Title of symposium:
Land-use change impacts on ecosystem biogeochemistry and functioning in secondary forests

Principal organizer:
Yit Arn Teh

Symposium summary:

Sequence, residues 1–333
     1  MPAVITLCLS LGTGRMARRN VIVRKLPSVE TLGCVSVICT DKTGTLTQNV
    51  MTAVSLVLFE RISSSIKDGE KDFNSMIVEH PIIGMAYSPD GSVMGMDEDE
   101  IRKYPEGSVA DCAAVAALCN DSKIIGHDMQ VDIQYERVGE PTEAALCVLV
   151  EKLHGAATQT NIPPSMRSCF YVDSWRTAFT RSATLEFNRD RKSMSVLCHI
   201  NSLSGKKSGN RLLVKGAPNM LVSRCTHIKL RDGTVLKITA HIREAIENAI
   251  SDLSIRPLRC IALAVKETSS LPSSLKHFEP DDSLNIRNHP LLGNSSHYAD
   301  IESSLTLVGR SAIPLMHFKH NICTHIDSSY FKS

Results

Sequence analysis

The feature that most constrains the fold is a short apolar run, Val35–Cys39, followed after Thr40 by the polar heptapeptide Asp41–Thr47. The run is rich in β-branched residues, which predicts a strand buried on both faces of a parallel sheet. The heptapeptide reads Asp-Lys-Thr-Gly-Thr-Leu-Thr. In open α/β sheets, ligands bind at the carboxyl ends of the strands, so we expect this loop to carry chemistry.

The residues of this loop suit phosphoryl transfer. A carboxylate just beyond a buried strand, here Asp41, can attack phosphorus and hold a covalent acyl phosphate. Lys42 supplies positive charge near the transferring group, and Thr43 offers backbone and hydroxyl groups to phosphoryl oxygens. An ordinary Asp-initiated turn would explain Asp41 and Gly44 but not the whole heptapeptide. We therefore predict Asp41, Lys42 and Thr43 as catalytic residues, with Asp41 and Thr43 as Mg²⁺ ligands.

Human disturbance in the tropics – including fire, logging, or agricultural abandonment – has led to wide-spread expansion of secondary forests, whether due to conversion of old-growth forests or re-growth of abandoned land. This has led to significant changes in biodiversity and major shifts in ecosystem biogeochemistry, altering key processes such as primary productivity, respiration, nutrient cycling and fluxes of reactive trace gases. Secondary forests have been demonstrated to be major repositories of biological diversity and also play an important role in regional and global exchanges of material and energy. Yet despite studies of land-use change impacts on biodiversity and ecosystem biogeochemistry, relatively little is known about how human-induced shifts in diversity impact ecosystem function, challenging our ability to accurately predict the response of secondary forests to current and future environmental forcings. In this session, we will explore the links between biodiversity and ecosystem functioning in tropical secondary forests, investigating if changes in functional diversity caused by vegetation clearing or agricultural abandonment have knock-on effects on ecosystem processes. We will identify key knowledge gaps and discuss means of addressing them, including inter-disciplinary or multi-disciplinary modes of research and problem solving. Contributions are particular welcome from those investigating plant-soil interactions; biosphere-atmosphere exchange; traits-based approaches to studying ecological processes; remote sensing approaches to quantifying biodiversity and ecosystem functioning; and the role of fauna in modulating biogeochemical cycles and multi-trophic processes.